The 20 Soundtracks That Defined The 1980s

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    img.album {            opacity:0.8;            filter:alpha(opacity=80); /* For IE8 and earlier */    }    img.album:hover {        opacity:1.0;        filter:alpha(opacity=100); /* For IE8 and earlier */    }    a.header {        font-family: "Fjalla One";        color:#ababab;        font-size:28px;        line-height:30px;        text-decoration:none;    }    a.header:hover {        font-family: "Fjalla One";        color:#333333;        font-size:28px;        line-height:30px;        text-decoration:none;    }[1960s](/features/decade-defining-soundtracks-60s) [1970s](/features/decade-defining-soundtracks-70s) 1980s [1990s](/features/decade-defining-soundtracks-90s) [2000s](/features/decade-defining-soundtracks-00s) [2010s](/features/2010s-soundtracks-reader-choices) ![]( *Select an album to hear samples and to find out why it made our list.* ![]( [![Aliens](]%28/features/decade-defining-soundtracks-80s/p2%29 [![The Blues Brothers]%28]%28/features/decade-defining-soundtracks-80s/p3%29 [![The Untouchables]%28]%28/features/decade-defining-soundtracks-80s/p4%29 [![Top Gun]%28]%28/features/decade-defining-soundtracks-80s/p5%29 [![Back To The Future]%28]%28/features/decade-defining-soundtracks-80s/p6%29 ![]%28 [![Batman]%28]%28/features/decade-defining-soundtracks-80s/p7%29 [![Chariots Of Fire]%28]%28/features/decade-defining-soundtracks-80s/p8%29 [![Blade Runner]%28]%28/features/decade-defining-soundtracks-80s/p9%29 [![E.T.]%28]%28/features/decade-defining-soundtracks-80s/p10%29 [![Raiders Of The Lost Ark]%28]%28/features/decade-defining-soundtracks-80s/p11%29 ![]%28 [![The Mission]%28]%28/features/decade-defining-soundtracks-80s/p12%29 [![Out Of Africa]%28]%28/features/decade-defining-soundtracks-80s/p13%29 [![Purple Rain]%28]%28/features/decade-defining-soundtracks-80s/p14%29 [![Local Hero]%28]%28/features/decade-defining-soundtracks-80s/p15%29 [![Beetlejuice]%28]%28/features/decade-defining-soundtracks-80s/p16%29 ![]%28 [![Paris, Texas]%28]%28/features/decade-defining-soundtracks-80s/p17%29 [![Pretty In Pink]%28]%28/features/decade-defining-soundtracks-80s/p18%29 [![Beverly Hills Cop]%28]%28/features/decade-defining-soundtracks-80s/p19%29 [![Escape From New York]%28]%28/features/decade-defining-soundtracks-80s/p20%29 [![Dirty Dancing](](/features/decade-defining-soundtracks-80s/p21) ![]( 

Composer: James Horner
For a score that James Horner bashed out unhappily in six weeks, the music for James Cameron’s Aliens is a revelation. From the banshee wail of the Main Title, the soundtrack takes us on a journey of thundering timpani, martial percussion and plaintive horn sections, encapsulating the eerie, alien menace of H.R. Giger’s creation. It marches to the military motifs of the platoon movie Aliens ultimately becomes. For all Horner’s agonies, he bagged his first Oscar nomination and laid out one of cinema’s stalwart reference soundtracks. The Aliens score – and the Bishop’s Countdown track in particular – has become the go-to cue to teeing up tension, gracing the trailers for no less than 24 different movies, from Minority Report to Misery and even The Hitchhiker’s Guide To The Galaxy. Back to the menu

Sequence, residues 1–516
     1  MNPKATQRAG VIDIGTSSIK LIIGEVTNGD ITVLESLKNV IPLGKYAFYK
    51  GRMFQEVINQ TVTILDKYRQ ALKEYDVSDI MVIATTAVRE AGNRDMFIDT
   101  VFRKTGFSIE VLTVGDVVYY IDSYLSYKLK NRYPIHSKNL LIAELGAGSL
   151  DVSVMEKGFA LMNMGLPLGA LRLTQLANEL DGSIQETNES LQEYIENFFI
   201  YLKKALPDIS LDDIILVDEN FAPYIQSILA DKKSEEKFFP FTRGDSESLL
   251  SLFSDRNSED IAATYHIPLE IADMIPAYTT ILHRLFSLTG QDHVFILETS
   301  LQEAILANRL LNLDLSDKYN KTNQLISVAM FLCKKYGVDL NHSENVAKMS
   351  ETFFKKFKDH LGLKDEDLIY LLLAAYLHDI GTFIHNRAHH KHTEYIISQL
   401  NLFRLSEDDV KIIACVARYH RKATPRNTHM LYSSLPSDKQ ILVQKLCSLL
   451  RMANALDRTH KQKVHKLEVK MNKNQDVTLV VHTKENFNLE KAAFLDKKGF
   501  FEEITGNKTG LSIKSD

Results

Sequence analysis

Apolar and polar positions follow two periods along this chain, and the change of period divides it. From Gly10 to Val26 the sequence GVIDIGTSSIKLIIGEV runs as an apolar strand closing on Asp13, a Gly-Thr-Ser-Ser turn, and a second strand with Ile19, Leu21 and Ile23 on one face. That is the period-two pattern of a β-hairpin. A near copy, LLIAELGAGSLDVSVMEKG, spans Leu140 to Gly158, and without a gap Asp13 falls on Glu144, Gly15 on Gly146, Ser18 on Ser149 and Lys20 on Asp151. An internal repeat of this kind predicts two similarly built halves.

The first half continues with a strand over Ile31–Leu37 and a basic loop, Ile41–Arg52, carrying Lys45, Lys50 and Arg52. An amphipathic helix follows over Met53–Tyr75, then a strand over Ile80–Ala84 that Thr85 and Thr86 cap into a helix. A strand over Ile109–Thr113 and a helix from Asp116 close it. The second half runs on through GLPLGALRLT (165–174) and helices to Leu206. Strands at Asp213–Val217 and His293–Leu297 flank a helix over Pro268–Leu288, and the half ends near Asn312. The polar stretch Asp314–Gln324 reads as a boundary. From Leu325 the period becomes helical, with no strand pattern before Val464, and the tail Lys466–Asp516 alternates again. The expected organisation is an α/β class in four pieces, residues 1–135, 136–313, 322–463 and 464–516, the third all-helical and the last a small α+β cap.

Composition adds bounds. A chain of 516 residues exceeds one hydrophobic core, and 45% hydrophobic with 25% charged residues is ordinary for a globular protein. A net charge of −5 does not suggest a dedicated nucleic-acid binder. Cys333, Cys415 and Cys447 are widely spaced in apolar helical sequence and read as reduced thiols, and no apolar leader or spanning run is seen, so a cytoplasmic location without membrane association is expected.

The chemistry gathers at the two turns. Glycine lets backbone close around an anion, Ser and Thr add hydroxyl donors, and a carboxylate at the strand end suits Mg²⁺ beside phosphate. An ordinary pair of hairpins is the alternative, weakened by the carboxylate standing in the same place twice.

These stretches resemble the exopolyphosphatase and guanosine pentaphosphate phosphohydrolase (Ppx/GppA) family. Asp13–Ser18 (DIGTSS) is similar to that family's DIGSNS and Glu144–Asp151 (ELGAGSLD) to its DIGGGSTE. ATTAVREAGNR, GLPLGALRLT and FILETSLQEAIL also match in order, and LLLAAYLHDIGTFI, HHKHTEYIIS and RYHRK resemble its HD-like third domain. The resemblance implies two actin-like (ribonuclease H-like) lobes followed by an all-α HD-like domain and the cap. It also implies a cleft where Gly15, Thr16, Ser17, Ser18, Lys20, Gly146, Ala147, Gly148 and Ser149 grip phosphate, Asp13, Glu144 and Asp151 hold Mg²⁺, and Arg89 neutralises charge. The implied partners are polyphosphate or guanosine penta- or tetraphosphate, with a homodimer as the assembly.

The Blues Brothers
Composer: Various Artists
For a film based on Saturday Night Live sketch characters, the music of The Blues Brothers was a huge sensation. “It was sort of a unique situation where John Belushi and Dan Aykroyd exploited their own celebrity at that moment to focus attention on these great performers and great acts,” recalled director John Landis. “And that was very successful.” With legendary musicians such as John Lee Hooker, Isaac Hayes, Aretha Franklin, Otis Redding and James Brown, the soundtrack was massive, introducing a whole new audience to classic rhythm and blues. Trivia note: The Blues Brothers’ name was suggested by Lord Of The Rings composer Howard Shore, who played in the first sketch to feature Jake and Ellwood. Back to the menu

The Untouchables
Composer: Ennio Morricone
For his 1987 tale of gangsters and gun fights, Brian De Palma turned to Ennio Morricone for a fusion of the Western style the composer brought to the Man With No Name trilogy and the dark Chicago jazz demanded by a movie about Eliot Ness and Al Capone. Cue wailing sax and moody piano. Though the music sounds like it belongs in the era, it also has somewhat of an